How to Send A Message


Child abuse is something that’s very common among non-white communities in the west. There is an almost casual nature to it and it’s often funny to “us” because white people don’t hit their kids. We see it as a reason as to why white children are so “badly behaved” while children from our communities are not.

I was often hit as a child and while I don’t carry any physical scars as other kids do, I don’t think hitting children teaches them anything apart from violence. The children who are beaten often grow up to beat their own kids and it is a cycle of abuse. Pain doesn’t teach children anything. Discipline at the hands of pain is not discipline but blind obedience.

And that’s without going into the horrible torturous way children across the world are hurt by adults. Often for no real reasons.

In reality that has more to do with children from minority groups such as asians coming from upper middle class families with a greater onus on education due to culture while many white kids from poorer families have no such impetus. It’s why British Asian economics is so polarised with British Asians either being upper middle class, rich, law abiding and well educated or making up some of the poorest and least educated or socially mobile.

The culture of “hitting kids” is joked about.

Jokes aside. Most of us of the new generation grew up with this kind of abuse. And we will stop it.

I think it’s a pretty cool way of advertising a child abuse line and to get children and adults thinking about what does and doesn’t constitute abuse. I feel a lot of people don’t get that some things are abuse or see that as the traditional way of bringing up kids. The entire idea of a change of perspective, that the only way an adult can see the message is by crouching in an uncomfortable, difficult and vulnerable position. It provides children with information and adults with “perspective” making it an effective advertisement.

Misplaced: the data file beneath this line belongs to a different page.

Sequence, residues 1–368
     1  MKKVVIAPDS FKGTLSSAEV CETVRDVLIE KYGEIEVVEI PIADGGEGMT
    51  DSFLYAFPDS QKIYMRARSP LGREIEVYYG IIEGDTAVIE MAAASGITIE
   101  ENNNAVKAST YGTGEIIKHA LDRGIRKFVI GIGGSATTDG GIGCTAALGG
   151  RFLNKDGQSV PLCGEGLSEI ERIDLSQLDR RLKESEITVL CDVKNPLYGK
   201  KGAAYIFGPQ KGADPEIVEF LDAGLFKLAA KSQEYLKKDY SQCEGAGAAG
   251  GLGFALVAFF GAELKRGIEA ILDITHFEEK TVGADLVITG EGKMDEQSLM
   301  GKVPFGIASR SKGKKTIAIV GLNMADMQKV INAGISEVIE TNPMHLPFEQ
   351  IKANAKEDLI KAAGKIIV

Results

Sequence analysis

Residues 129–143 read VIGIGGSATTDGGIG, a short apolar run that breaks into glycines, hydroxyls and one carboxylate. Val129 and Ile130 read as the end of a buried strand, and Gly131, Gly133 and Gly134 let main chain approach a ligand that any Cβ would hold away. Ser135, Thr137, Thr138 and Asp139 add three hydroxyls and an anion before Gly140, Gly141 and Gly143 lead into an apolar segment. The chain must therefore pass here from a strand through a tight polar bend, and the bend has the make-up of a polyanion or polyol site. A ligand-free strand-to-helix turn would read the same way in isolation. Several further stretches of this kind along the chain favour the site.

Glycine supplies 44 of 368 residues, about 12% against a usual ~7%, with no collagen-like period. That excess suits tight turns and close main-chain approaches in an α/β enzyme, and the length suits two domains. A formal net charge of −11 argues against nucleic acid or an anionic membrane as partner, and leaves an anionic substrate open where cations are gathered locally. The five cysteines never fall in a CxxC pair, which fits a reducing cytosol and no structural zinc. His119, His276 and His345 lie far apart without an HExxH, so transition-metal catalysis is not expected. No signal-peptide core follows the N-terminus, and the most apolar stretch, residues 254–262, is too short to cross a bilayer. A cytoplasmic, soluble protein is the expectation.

Anything to reduce child abuse is good.

Just… don’t go read the Youtube Comments.

Comments

  1. Martyn says

    Wow, that ‘Only For Children’ advertisment is an amazing idea. Very clever.

    ‘Just… don’t go read the Youtube Comments’.

    That’s true of youtube comments regardless of the nature of the videos it seems.

  2. says

    I love the posters and how they work. That’s genius! Kids often don’t know or understand what is going on. Sometimes they rationalize why it’s okay that these things have been done. They’ve been taught the abuse is normal.

    As for the white people not hitting their kids, that probably is the majority. But there is an ugly, underlying system of abuse in many forms existing in white communities. I’ve seen it. I’ve also personally seen judges let white men off for choke slamming (grabbing them by the neck and slamming the kid onto the hood of a car specifically) a child in full view of white witnesses. It’s as if it was okay for him to do it. It’s sickening. To be fair, I also know (personally) a black man who beat the crap out of his handicapped son and got away with it. He still has custody! America is seriously screwed up in that respect. It’s just sick.